Category Archives: Web Design

Fixing Youtube iframe overlay issues

Español: Logo Vectorial de YouTube
Image via Wikipedia

I’ve got a website that displays iframe embedded Youtube videos and uses Lightbox to load images up, however, the images load behind the virool review Youtube video. I’ve come across this before on other websites but not on any of my own. I fiddled around with z-indexes for a bit but they didn’t do anything. Turns out, it’s actually a very easy fix. Just add ?wmode=opaque to the src address in the iframe.

For example:

<iframe width=”560″ height=”315″ src=”http://www.youtube.com/embed/hTCAeGIBaxw” frameborder=”0″ allowfullscreen></iframe>

Becomes:

<iframe width=”560″ height=”315″ src=”http://www.youtube.com/embed/hTCAeGIBaxw?wmode=opaque” frameborder=”0″ allowfullscreen></iframe>

Super easy!

I also came across this video by 360 Creations explaining it:

From what I read, ?wmode=transparent should work as well, but it sounds like it is a bit slower to render as it has to render transparency, opaque renders solid. It would be great if Youtube included this in the src address by default! It would make it so much easier for everyone.

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Internet Explorer Truncates Long CSS Files

I came across an interesting quirk in Internet Explorer a couple of days ago whilst working on a project for a client.

There is a section on their website that has an extensive set of stylesheets that is around 3,500 lines long. Combined with the stylesheets for the rest of the website, the total is about 6,500 lines.

The design was all finished and looked great in Firefox, Chrome, Opera, IE 7 and IE 8. However, then I did up the set of styles I mentioned that ended up totalling 3,500 lines. Due to the way I lay out my stylesheets, these started at about line 2,000. Which meant about 1,000 lines were after them.

While I’m working on something new I test in Firefox with Firebug and then once I’m finished I adjust for IE. So all of a sudden when I tested in IE 7 and 8, they are not displaying things correctly, including things in the design that were working previously. Using IE’s built in developer tools I was able to see that there were stylesheets simply not being applied to things that they should have been after about the 4,500 – 5,000 line mark. The entire stylsheet was loaded though and could be viewed.

I began tweaking things in the IE specific stylesheet since I couldn’t get it to work by editing the regular stylesheet. Once I realised that I could copy things directly from the main stylesheet into the IE one and it worked without tweaking, I started to think something odd was going on.

Cutting the extra 3,500 lines out put the site back to normal in IE, except for what those things affected.

If I put those lines in a separate stylesheet, everything worked perfectly fine again.

So it seems to me that for some reason IE just will not read more than around 4,500 to 5,000 lines in a stylesheet. It could perhaps also be total characters, however I didn’t test to find at exactly what point it stopped reading so I can’t be sure.  Fortunately, simply adding in an extra stylesheet did solve the problem, and given the nature of the extra CSS, it probably should have been done that way in the first place so that it could be loaded solely on the pages that actually need it. It should be noted that the total lines are still the same, they are just split between two stylesheets now, one of which is only loaded on certain pages.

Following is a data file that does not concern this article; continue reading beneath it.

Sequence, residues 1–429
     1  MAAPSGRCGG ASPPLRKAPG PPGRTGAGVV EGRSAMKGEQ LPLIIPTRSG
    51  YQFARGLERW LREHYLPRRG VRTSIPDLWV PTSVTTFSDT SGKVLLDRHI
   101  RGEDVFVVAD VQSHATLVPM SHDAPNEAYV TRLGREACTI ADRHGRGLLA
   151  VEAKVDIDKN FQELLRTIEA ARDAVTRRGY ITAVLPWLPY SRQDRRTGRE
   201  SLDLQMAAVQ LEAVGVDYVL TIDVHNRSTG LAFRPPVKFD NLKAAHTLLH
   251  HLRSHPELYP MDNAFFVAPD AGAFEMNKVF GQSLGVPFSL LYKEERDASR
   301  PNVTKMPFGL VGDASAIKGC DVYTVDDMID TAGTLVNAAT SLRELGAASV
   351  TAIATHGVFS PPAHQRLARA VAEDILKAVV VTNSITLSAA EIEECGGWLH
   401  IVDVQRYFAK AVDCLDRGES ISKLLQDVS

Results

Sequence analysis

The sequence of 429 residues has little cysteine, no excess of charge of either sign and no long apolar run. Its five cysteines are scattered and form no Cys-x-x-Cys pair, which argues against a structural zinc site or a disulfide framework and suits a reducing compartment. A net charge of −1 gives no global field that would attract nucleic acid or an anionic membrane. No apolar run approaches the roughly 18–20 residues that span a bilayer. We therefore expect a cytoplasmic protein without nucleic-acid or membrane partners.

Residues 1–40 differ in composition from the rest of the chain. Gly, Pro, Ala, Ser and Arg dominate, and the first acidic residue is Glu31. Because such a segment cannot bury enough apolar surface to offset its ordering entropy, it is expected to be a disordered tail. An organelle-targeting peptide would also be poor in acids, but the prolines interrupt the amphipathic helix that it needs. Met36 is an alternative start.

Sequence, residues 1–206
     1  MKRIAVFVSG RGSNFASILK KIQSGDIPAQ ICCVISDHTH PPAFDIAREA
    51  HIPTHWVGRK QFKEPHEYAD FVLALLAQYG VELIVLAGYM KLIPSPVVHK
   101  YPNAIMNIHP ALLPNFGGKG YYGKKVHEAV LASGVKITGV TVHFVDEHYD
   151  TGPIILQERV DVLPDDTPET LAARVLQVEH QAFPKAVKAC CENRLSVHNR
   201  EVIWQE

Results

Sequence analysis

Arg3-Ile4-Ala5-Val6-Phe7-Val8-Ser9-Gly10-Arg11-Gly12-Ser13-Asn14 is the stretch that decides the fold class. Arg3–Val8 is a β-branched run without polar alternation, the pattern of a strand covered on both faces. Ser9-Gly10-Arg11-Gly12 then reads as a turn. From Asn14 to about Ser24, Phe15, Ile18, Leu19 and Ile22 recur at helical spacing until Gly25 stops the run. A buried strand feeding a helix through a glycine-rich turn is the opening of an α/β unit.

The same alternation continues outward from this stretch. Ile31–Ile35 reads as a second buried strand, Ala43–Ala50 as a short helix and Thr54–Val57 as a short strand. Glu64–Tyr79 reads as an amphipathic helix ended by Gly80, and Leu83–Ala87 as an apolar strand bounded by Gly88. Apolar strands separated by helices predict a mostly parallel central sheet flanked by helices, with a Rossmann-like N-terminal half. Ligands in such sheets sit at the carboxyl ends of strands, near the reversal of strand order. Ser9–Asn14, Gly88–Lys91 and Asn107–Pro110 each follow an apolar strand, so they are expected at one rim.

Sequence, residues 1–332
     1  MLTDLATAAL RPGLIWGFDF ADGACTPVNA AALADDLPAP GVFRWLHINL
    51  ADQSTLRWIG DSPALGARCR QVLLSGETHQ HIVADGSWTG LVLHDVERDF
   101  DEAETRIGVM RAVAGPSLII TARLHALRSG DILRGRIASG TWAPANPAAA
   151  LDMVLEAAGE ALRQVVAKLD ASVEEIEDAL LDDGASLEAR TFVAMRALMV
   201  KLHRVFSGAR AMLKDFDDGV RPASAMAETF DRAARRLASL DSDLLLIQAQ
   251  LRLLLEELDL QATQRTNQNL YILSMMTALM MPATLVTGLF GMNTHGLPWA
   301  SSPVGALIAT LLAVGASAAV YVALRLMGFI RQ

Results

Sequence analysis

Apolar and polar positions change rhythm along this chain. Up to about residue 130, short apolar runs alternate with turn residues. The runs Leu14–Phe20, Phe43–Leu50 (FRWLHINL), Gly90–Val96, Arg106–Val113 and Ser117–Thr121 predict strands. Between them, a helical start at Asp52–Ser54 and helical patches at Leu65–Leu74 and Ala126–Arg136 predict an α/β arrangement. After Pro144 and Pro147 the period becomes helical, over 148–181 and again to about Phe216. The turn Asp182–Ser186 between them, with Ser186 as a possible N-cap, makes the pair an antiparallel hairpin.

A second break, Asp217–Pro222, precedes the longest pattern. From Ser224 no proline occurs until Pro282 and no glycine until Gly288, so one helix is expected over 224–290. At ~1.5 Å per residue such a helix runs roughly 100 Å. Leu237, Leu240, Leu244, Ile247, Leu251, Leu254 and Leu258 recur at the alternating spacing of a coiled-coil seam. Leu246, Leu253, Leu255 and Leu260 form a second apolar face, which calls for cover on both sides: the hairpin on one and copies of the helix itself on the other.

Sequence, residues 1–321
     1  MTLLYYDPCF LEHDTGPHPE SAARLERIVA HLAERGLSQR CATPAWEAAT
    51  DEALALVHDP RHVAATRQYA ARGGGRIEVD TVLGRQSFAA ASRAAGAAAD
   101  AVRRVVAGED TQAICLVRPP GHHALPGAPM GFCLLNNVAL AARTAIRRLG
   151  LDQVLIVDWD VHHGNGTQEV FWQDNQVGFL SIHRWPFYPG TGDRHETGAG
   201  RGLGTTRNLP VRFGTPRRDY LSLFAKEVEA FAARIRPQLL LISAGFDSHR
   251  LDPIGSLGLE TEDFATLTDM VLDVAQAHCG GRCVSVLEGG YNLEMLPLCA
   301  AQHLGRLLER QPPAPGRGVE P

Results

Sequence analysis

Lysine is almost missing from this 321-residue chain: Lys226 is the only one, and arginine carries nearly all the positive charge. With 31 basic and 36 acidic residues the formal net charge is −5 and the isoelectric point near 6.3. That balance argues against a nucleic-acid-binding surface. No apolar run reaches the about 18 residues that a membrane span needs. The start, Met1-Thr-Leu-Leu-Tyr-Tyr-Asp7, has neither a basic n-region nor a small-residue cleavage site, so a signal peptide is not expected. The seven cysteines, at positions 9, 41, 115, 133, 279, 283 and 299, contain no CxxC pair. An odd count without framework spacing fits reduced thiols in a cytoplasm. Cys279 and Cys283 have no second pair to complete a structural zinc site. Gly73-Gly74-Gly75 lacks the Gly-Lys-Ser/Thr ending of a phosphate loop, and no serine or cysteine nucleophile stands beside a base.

I did a quick search for this but didn’t really come up with anything similar elsewhere, so if you have had a similar issue, I would love to hear about it!

It seemed to be consistently about the same place in both IE7 and IE8, so hopefully it won’t find it’s way into IE9.

Finding The Path To Your Drupal Theme

Ever needed to reference a file in your Drupal theme? For example, an image from your page.tpl.php file, or a JavaScript file?

You can hard code the path, which might be something like:

/sites/all/themes/mytheme/images/myimage.jpg

Or, with a little bit of PHP, you can use Drupal’s built in path_to_theme() function. This function will print out the path to your Drupal theme from the root directory.

So, in your theme you might have this image, but instead of writing:

<img src=”/sites/all/themes/mytheme/images/myimage.jpg” alt=”My Awesome Image” />

You could write:

<img src=”/<?php print path_to_theme(); ?>/images/myimage.jpg” alt=”My Awesome Image” />

At first glance it is slightly longer and might seem like more effort to do. Think of it a bit differently though. What if you want to rename your theme, or use your theme on a different domain name? You will need to change the hardcoded path. By using Drupal’s path_to_theme() function, it will dynamically figure out the path to your theme directory for you.